News and Views

Here's a study we thoroughly approve of, peer reviews be damned: Retail therapy can do the mind good, especially when it comes to calming fears of your impending death. 

In a study published earlier this year in the Journal of Consumer Affairs, researchers analyzed two types of participants: those who described themselves as 'anti-consumers' and 'over-consumers.' Those generally opposed to overspending and over-consumption fell into the anti-consumers group, while over-consumers fell into the opposite category. 

So how exactly did they figure it out? First, the participants took a series of tests designed to measure their materialism or frugality. Researchers asked the participants how they felt...

As players adapt this season to the National Hockey League's updated concussion protocol, several who have taken hits to the head during games received on-the-spot medical evaluations. But as to whether the safety guidelines are having their intended effect, to answer that question many onlookers are scrutinizing an incident involving Connor McDavid on Dec. 4 

The reason is that the "injury," which required his removal from the game at a crucial moment, could have been interpreted in different ways. As such the situation has invited observers to more closely examine how the protocol works (as well as the ways that it may not), and to offer suggestions to improve it. 

As detailed in ...

Concussions in hockey

When it comes to concussion prevention, and the ways to reduce brain trauma in professional sports, for years now the spotlight has steadily shone on the National Football League and the efforts it has made. And it's been thrust onto center stage for good reason.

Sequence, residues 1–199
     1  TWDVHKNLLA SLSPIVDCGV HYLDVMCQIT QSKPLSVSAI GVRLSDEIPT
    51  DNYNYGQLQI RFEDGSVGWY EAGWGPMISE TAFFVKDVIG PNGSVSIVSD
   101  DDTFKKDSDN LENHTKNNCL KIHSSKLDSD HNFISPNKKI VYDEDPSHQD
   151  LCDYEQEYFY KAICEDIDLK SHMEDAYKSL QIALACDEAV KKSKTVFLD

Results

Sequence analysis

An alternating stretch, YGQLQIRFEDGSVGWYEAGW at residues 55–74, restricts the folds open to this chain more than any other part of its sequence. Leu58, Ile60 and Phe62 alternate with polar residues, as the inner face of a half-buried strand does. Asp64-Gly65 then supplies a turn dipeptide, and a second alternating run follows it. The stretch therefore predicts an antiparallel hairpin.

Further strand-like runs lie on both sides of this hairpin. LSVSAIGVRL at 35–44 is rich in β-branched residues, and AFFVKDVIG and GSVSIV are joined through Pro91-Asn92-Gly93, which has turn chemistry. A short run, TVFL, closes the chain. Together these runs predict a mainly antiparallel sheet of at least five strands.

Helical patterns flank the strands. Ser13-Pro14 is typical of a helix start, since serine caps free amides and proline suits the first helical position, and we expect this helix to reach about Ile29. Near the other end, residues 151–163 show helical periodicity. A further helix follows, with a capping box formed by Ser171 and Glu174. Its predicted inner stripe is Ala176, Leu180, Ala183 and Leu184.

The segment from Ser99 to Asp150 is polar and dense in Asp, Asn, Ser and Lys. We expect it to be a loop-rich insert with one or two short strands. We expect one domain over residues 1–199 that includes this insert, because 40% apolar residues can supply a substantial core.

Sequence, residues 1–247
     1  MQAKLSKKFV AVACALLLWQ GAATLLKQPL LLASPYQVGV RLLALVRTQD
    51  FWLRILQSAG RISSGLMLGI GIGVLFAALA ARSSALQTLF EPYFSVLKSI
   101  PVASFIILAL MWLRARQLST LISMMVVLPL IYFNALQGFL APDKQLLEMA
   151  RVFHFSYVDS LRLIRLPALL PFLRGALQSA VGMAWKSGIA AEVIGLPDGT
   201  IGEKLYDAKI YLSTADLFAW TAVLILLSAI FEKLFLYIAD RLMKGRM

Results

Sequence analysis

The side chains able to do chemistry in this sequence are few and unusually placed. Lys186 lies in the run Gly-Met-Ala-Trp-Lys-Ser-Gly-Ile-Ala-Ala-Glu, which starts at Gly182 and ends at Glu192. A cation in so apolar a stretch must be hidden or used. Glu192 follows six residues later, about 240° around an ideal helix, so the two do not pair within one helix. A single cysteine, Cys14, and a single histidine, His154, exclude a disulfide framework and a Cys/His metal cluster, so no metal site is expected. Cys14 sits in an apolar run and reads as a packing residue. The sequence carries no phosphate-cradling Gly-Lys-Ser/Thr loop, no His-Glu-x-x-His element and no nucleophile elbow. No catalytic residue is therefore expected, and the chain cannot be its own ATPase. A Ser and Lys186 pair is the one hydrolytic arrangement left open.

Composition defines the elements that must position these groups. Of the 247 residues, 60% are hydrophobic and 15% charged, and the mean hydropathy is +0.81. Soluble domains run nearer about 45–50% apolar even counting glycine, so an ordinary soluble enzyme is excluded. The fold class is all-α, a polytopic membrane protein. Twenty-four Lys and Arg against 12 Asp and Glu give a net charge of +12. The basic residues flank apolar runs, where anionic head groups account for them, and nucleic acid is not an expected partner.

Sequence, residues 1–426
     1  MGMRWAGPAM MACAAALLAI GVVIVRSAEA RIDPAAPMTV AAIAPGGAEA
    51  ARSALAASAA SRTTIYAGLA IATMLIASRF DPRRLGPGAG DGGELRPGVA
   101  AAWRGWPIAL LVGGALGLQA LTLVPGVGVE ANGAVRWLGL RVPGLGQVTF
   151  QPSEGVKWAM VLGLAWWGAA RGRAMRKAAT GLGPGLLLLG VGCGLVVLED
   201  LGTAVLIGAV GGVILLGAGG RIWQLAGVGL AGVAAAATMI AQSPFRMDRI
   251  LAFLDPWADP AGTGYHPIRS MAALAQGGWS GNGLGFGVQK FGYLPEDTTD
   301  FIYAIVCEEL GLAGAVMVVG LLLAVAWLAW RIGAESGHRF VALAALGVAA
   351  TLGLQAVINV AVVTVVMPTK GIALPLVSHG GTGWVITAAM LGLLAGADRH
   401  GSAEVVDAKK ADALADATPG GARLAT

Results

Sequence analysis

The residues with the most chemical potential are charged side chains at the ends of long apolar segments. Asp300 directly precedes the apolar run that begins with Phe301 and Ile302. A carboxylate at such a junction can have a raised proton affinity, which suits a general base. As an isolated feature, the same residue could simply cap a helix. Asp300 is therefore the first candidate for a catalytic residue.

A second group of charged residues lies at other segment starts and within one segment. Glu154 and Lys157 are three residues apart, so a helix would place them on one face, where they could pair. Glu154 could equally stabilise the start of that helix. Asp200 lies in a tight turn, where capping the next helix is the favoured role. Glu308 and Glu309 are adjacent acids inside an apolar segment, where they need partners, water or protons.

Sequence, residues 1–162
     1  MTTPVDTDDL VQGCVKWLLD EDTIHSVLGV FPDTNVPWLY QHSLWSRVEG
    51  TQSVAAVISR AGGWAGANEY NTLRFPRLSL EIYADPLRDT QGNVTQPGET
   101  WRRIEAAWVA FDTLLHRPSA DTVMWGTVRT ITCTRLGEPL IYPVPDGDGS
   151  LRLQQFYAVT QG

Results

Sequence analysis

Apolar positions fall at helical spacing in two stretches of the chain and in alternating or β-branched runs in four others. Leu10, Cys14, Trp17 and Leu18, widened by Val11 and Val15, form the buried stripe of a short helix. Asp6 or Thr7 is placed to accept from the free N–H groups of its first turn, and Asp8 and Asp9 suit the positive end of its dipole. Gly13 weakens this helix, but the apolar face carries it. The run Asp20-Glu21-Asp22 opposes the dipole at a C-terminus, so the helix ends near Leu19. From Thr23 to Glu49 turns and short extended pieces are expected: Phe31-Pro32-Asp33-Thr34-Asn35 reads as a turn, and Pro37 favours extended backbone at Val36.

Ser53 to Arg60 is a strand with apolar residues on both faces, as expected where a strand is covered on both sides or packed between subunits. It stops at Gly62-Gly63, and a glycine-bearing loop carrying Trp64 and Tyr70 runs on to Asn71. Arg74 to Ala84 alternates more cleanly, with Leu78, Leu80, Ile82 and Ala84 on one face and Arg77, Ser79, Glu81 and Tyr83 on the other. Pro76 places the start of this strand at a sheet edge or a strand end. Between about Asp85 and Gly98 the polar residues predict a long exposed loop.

First, the sport is relentless, inherently brutal and violent, and so many high-impact areas of the game need to be addressed. Second, it's the most popular sport in America, so naturally what executives are doing to address concussion mitigation is being very closely watched. And the league, while it has its many critics, is making progress by instituting rule changes and strengthening medical safeguards.

But there's another sport that's also putting effective measures in place, and since it operates in the NFL'...

New genetic technology can either come to fruition and have a positive impact on our lives or be driven into the ground. The difference depends on whether the people making decisions understand the science and can accurately and properly weigh the risks and benefits.

In order for that to happen, scientists have to participate in open discourse, as education and communication are the keys to moving science forward to a place where changes can evolve to positively impact our health and the environment.

One the best examples of this goes back to 1953 when Dr. Jonas Salk announced during a national radio show that the vaccine against poliomyelitis had been tested and worked, sparking one of the largest and most important public health campaigns that our country has ever...

A high-profile paper published in Science earlier this year is in jeopardy because of events that started out as a the simple theft of a laptop, but may end up being a big enough transgression to have it erased from the scientific literature. 

The paper, entitled "Environmentally relevant concentrations of microplastic particles influence larval fish ecology," suggests that larval fish (perch, specifically) prefer to eat microplastic particles (pieces of plastic that are < 5mm in size) over their natural food source. Not only that, but, when fish eat the plastic particles, they exhibit abnormal behavior and...